When the editor dropped me a line and asked me to do a bit about Ireland, I got a little bit excited as you do, Guinness, Dublin, Jamesons, Croke Park. Then I realised he actually meant Irish players. I pondered what qualifications do I have for this? My father’s side came from Norfolk, and my mother’s from Kent (with a wee bit of Scotland a few generations back!), so in the eyes of Jack Charlton, that makes me perfect (little 90s Irish squad selection joke there…..).
Last season we had Cox, Quinn and McShane. Delve into the more recent past and you get the Hunt boys, Doyle, Long, Kelly, Pearce, Bennett, Harte, and if you go further back in time you find Houghton and Maybury. So what can we discern from this? What you can gain from our recent history with Irish internationals, is that there is no one way to trace or record how they arrive at our club. Some have arrived in the twilight of their career, while others we developed ourselves, while yet more have arrived mid career. Maybe a couple of comparisons would help??
When you consider the players that arrived in the twilight of their career, the two that stand out are Ray Houghton and Ian Harte. Both had long careers with the Republic’s international squad (73 caps and 63 caps respectively). Houghton arrived as Bullivant took over the club, a season that promised much but only delivered relegation. A sad, but perhaps very Reading way, of saying goodbye to Elm Park. He stayed for the first season at the Madstad, playing over 40 times for the Royals with a solitary goal again Manchester City. Houghton was a busy player, but this was a very poor Reading team. Harte, on other hand, came on an out of the blue transfer from Carlisle. While there was no doubting his pedigree, there was a perception that he was past it, and was too slow to be any good. How wrong were we? He made the PFA Team of the Year two years running in the Championship, and provided a significant contribution to Reading’s second promotion to the Premier League. It’s a bit sad to think that both players left the Madstad off the back of relegation seasons, maybe a thought to ponder if we look at ‘veteran’ Irish free transfers in the summer??!!
Next up you have the players we have go in young and looked to develop. This is a field we have dabbled in a lot over recent years. Getting youth players in for free or a pittance, in the hope you can unearth a gem is something many clubs have do, if not to create millions, then to at least add decent players to your squad. This will always be a bit of a punt, hit or miss. The hit that stands out here, more than any is Shane Long. A Gaelic footballer and Hurler, with not much football pedigree, who arrived as part of the Doyle deal (yes, I know I could say Kevin, but he virtually went straight into the first team didn’t he?). Shane spent a few years developing, before really coming to the forefront when Doyle left. A number of seasons leading the line led to full Irish caps and a big money onwards to West Brom. Compare this with the recently released Pierce Sweeney. A centre back who arrived with a lot of promise in 2012, he was the captain of the U21 team that won the Premier League Cup in 2014, but somehow he never seemed to kick on from being on the fringes of the first team in Nigel Adkins time, to becoming an actual first teamer. He has watched Jake Cooper bypass him and become a first-team regular. It really was probably not a surprise that he was released this summer.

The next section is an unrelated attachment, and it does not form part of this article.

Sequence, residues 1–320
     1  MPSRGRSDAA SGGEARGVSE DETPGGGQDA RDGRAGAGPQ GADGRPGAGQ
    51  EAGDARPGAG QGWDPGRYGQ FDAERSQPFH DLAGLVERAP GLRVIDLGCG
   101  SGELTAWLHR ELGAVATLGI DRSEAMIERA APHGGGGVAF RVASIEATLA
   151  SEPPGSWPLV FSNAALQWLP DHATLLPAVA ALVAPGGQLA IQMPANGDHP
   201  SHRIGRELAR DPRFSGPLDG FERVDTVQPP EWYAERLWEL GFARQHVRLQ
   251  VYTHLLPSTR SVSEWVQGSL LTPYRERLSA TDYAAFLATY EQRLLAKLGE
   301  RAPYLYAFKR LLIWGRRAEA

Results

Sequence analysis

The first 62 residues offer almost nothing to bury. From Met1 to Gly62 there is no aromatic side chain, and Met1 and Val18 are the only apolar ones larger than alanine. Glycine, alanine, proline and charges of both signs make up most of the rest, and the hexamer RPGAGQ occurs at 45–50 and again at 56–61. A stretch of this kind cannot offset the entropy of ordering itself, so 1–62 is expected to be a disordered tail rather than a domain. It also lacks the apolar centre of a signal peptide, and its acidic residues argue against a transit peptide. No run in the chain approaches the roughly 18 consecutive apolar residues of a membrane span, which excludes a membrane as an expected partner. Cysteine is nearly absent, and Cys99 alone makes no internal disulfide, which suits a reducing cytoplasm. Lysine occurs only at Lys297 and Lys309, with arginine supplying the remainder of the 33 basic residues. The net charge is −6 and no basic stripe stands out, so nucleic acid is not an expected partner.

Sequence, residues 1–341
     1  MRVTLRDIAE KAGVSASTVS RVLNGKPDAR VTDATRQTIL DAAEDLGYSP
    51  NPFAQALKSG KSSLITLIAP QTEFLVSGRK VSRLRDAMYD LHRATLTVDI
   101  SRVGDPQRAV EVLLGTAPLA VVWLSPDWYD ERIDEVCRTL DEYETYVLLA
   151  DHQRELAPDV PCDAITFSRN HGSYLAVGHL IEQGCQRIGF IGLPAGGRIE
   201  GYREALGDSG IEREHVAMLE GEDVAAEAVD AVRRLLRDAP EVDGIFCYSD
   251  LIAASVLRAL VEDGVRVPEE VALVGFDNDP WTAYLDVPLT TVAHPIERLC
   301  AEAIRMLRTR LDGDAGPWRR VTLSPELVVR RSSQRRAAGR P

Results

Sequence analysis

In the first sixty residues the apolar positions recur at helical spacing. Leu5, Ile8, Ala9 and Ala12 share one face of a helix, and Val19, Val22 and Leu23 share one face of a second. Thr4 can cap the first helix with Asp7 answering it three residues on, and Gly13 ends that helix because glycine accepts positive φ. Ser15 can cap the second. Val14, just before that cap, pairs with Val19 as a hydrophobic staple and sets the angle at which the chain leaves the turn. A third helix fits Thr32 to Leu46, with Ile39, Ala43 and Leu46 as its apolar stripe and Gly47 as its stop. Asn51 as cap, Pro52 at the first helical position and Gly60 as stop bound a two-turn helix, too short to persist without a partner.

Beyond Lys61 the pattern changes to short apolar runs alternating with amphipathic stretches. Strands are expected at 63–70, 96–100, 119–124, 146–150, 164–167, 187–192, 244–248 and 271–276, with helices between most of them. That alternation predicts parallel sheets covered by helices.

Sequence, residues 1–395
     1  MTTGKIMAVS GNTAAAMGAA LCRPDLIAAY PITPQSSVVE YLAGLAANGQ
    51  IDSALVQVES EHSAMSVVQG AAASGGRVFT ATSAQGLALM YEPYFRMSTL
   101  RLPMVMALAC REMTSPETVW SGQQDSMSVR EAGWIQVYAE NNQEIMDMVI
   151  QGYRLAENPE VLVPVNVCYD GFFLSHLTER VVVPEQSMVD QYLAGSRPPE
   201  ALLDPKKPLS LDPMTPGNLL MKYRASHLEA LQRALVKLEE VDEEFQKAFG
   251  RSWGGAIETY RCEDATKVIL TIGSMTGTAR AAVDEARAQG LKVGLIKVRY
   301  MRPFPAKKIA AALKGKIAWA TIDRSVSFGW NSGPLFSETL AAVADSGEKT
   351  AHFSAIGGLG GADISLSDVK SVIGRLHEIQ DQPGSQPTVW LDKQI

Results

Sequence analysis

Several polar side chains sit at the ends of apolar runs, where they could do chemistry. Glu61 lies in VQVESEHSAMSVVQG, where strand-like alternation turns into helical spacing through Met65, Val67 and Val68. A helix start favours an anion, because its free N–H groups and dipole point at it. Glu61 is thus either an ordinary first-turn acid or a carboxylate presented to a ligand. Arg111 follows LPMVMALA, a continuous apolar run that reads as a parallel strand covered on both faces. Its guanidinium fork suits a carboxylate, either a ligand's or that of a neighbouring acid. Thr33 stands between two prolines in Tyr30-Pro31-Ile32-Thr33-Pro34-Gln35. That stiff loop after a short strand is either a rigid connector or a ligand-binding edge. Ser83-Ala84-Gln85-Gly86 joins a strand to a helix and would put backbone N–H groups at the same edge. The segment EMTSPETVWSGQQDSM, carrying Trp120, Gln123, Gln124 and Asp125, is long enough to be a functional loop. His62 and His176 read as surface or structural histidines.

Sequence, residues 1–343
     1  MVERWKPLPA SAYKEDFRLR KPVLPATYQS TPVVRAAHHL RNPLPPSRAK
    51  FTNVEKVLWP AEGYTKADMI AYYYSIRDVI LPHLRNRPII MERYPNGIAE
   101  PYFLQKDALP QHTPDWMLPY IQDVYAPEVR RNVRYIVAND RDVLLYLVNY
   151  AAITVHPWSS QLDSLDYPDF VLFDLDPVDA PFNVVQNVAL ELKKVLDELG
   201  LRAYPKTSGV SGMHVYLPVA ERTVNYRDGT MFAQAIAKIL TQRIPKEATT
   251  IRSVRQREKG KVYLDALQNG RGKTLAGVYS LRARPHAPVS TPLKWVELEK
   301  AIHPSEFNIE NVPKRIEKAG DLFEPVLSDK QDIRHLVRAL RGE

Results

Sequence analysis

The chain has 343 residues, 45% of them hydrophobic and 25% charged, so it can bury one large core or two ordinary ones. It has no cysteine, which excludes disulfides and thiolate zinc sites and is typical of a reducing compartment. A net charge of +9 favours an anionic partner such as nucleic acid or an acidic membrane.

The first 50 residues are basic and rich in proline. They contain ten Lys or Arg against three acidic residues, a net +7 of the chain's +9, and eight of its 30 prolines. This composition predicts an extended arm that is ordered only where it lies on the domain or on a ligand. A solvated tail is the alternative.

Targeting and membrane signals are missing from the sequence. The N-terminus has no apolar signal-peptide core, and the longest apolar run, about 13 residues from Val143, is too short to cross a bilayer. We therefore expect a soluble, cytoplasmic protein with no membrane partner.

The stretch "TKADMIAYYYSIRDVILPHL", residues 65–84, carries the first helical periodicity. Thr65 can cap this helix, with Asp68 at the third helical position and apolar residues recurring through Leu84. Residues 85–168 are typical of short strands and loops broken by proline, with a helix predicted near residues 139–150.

Finally we come to established players we’ve bought in. Two you could look at here are Noel Hunt and Simon Cox. What makes Cox different is that he was a youth player for Reading, before making his career with Swindon, West Brom and Forest before coming back. After a goal spurt in his opening games, Cox went on a barren run of form that continued through a loan spell at Bristol City, and to his return to Reading. Having arrived with the image as something of a goalscorer (to be honest I think this was mainly from his Swindon period!!), we all wished him well as a local boy playing for the team, and alas, it did not work out in the end, with Cox also leaving this summer. Hunt, on the other hand, was a bit of a dark horse to me. I must admit I did wonder, initially, if we were signing him to keep Stephen happy. Glad to say I was proved wrong. Hunt was never prolific, but he was a willing workhorse for whoever he played alongside, and his constant running meant that defences could never be comfortable when he was around. We could probably have done with him still around if we’re honest!!!
Ultimately, there is no rhyme or reason, to whether a player will be a success for your club, whatever stage of their career they may join at.
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